Lost in much of this debate is the fact that compliance problems have not been the leading cause of corporate missteps. According to Strategy& research and client experience, strategic and operational blunders have caused far greater shareholder value destruction, reflecting fundamental deficiencies in existing approaches to enterprise risk management. Not only does the Sarbanes-Oxley Act do little to address these problems, it may even hinder managements and boards by causing them to devote too many resources to compliance.
We recently completed a cross-industry benchmarking study of risk management practices at a dozen major multinationals, in industries ranging from pharmaceuticals to consumer goods to financial services. These were selected because of their reputations as leading practitioners in the field of risk management.
We discovered that even these exemplars have fallen short in developing a governance agenda and architecture that effectively anticipates some of the most significant risks to their business. While they may have advanced capabilities in one area of risk management — generally one closely related to their core business — their systems and processes are often not as well developed in others.
Almost universally, companies fail to look beyond the traditional downside risks to their business to consider the upside risks, such as missed growth opportunities. The challenge is developing a risk governance program that enhances as well as protects shareholder value.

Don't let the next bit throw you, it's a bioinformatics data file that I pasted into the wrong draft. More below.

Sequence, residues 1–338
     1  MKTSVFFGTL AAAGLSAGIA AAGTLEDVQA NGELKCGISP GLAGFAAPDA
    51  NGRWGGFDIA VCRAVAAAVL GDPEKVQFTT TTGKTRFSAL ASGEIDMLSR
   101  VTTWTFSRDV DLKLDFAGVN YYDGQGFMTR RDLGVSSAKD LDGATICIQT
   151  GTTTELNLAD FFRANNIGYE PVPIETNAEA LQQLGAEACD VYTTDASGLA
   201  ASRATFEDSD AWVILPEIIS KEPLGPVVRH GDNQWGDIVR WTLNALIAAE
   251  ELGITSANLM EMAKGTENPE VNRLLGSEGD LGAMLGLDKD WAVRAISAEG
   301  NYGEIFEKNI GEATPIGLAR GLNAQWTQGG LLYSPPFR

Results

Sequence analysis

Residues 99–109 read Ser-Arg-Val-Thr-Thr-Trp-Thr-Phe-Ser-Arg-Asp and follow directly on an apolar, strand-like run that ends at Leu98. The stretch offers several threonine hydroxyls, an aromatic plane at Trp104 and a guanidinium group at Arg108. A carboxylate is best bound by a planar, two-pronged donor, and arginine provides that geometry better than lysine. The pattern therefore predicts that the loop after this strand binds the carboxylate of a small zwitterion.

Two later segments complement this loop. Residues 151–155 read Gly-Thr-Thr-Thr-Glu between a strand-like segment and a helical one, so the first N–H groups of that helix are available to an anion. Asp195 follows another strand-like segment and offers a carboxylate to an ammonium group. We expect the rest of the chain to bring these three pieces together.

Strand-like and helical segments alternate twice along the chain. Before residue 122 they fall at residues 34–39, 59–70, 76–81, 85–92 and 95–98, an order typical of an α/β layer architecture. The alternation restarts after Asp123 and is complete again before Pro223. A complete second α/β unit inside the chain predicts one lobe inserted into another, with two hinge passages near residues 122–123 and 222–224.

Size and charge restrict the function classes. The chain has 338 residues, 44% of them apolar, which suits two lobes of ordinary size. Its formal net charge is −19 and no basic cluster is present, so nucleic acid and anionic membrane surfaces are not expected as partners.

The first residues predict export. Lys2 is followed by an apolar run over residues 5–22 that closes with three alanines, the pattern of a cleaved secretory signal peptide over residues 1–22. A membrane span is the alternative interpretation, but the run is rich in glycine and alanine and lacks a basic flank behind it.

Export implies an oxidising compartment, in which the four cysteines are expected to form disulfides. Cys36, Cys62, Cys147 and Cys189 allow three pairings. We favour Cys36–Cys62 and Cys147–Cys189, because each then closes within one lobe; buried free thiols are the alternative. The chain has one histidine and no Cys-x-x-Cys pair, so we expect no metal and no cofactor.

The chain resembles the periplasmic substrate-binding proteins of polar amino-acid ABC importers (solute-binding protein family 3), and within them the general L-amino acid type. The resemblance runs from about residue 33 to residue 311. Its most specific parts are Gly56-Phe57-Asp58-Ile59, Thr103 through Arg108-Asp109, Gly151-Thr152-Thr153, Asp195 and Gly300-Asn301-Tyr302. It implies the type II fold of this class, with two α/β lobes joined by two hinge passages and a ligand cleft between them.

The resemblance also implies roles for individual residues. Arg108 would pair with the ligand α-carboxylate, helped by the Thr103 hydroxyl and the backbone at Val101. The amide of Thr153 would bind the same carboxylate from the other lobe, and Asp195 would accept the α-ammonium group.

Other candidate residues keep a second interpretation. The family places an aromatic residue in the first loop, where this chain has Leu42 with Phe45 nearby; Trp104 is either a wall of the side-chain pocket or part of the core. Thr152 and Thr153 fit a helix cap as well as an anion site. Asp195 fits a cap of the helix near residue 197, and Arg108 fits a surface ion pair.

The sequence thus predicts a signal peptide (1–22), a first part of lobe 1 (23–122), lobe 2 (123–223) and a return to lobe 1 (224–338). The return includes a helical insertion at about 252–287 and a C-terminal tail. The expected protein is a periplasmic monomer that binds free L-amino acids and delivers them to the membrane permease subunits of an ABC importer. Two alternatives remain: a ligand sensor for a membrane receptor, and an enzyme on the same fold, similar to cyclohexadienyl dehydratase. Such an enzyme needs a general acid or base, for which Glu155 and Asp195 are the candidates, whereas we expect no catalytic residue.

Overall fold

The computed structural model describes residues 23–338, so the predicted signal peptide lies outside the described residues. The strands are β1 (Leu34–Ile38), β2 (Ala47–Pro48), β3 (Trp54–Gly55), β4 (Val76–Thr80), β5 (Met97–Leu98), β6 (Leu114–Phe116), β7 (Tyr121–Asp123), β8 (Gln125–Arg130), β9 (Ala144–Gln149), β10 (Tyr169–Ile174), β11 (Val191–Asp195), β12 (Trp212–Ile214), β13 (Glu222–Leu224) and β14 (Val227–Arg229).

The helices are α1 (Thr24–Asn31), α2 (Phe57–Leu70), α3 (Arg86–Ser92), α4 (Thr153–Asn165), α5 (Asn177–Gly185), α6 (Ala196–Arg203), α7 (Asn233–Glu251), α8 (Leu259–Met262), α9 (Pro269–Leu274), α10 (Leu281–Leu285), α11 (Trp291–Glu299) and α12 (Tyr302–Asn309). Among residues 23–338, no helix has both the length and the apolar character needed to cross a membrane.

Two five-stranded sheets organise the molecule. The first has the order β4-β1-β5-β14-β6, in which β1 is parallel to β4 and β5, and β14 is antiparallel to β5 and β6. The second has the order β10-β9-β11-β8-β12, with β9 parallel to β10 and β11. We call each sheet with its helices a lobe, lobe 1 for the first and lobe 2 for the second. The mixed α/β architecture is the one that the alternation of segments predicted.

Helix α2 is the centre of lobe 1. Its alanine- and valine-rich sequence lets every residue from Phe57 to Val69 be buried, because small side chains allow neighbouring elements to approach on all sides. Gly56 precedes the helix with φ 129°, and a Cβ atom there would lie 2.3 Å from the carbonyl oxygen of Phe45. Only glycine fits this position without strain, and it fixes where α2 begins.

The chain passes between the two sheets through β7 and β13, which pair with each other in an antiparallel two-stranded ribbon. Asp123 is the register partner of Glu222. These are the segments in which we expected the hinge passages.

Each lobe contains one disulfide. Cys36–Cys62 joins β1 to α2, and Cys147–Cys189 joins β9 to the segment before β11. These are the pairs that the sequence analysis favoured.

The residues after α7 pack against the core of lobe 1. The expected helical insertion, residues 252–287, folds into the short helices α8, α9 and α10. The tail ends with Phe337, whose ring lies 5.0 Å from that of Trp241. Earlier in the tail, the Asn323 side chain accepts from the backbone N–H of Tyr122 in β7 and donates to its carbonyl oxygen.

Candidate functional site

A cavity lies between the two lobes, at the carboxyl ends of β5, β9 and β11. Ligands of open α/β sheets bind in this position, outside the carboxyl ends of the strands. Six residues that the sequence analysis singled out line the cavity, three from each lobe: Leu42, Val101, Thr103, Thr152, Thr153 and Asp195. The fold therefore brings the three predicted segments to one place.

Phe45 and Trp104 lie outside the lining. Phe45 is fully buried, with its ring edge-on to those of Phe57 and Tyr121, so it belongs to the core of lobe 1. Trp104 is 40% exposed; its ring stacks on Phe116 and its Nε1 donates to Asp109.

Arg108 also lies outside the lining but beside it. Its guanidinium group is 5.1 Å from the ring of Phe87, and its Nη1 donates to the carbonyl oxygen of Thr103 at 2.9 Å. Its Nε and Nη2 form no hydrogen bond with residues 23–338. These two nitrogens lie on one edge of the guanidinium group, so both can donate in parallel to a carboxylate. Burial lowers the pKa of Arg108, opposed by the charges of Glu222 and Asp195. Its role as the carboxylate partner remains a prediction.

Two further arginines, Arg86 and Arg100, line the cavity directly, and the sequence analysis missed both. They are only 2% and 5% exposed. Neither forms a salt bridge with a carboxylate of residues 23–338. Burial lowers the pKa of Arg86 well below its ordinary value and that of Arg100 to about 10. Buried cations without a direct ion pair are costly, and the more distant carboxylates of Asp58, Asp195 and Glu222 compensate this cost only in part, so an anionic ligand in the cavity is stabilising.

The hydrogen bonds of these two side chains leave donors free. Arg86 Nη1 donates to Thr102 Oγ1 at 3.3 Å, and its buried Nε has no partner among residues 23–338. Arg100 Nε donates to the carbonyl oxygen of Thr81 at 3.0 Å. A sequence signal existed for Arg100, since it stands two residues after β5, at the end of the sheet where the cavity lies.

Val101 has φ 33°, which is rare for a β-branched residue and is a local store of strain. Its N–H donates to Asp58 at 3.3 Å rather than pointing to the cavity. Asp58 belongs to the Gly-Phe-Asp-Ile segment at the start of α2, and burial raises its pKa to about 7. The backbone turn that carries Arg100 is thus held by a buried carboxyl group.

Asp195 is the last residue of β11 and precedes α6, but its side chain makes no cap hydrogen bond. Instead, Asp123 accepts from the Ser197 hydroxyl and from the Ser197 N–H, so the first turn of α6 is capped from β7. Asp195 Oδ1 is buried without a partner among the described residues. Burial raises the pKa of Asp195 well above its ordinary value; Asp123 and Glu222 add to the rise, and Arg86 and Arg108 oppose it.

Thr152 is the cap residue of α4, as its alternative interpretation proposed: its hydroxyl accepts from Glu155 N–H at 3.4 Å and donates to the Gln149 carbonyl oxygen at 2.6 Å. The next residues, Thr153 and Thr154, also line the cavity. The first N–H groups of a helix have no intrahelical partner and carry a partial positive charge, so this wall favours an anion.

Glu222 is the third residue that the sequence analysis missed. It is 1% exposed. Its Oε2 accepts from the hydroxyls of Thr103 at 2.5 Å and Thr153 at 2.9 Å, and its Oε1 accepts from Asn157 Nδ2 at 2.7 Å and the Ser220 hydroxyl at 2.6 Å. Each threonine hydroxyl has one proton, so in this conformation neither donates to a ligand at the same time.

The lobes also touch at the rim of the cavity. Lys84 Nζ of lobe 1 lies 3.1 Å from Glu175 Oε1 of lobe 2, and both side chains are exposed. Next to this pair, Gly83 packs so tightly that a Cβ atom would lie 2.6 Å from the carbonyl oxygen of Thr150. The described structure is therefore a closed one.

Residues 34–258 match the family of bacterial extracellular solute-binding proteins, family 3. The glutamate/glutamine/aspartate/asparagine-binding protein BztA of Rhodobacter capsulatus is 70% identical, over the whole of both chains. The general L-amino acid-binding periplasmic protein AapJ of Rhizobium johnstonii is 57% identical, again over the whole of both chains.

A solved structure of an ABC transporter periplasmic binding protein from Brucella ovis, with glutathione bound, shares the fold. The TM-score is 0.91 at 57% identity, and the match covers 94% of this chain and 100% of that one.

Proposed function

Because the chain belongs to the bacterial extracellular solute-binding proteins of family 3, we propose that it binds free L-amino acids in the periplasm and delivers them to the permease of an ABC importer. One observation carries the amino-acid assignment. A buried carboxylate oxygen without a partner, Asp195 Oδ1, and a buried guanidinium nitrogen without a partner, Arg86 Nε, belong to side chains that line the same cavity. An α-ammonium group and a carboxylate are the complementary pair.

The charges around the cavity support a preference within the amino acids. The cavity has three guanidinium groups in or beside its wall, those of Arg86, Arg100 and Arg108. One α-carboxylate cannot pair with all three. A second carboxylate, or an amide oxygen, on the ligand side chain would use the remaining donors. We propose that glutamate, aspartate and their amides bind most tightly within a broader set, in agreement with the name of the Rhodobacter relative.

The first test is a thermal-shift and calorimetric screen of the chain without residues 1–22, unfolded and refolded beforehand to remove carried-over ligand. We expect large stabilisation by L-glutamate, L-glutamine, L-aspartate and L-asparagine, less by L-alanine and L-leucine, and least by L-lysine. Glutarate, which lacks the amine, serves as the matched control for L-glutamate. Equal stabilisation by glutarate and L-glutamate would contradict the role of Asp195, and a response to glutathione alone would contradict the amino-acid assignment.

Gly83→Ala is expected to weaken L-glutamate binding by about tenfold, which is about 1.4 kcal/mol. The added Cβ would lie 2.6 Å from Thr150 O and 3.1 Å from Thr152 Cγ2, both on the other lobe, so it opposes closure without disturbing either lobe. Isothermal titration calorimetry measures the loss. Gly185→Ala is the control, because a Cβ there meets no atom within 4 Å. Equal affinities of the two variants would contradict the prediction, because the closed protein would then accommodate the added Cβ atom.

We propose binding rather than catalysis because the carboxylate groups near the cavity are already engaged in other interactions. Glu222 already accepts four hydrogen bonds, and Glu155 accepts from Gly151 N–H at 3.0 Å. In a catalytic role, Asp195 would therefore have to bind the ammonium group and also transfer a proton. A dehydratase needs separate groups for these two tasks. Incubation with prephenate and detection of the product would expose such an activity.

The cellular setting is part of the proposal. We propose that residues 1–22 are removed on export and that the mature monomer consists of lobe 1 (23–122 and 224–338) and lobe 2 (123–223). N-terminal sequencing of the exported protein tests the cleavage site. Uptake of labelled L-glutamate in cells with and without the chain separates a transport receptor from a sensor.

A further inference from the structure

The reason so many risk governance programs fall short is that they have been driven by the imperatives of the Sarbanes-Oxley Act and other recent regulatory requirements. The danger of this approach is that it can reduce risk management to a box-checking activity — an elaborate, expensive, and resource-intensive compliance exercise.
The reality is that more shareholder value has been destroyed in the past five years as a result of strategic mismanagement and poor execution than was lost in all of the compliance scandals combined. Strategy& recently analyzed 1,200 firms with market capitalizations over $1 billion for the six-year period from 1998 through 2004, and identified the poorest performers — the 360 companies that trailed the lowest-performing index for that period, the S&P 500. We found that only 13 percent of the value destroyed by these companies resulted from compliance failures; the other 87 percent was attributable to strategic and operational blunders, as shown in Exhibit 1.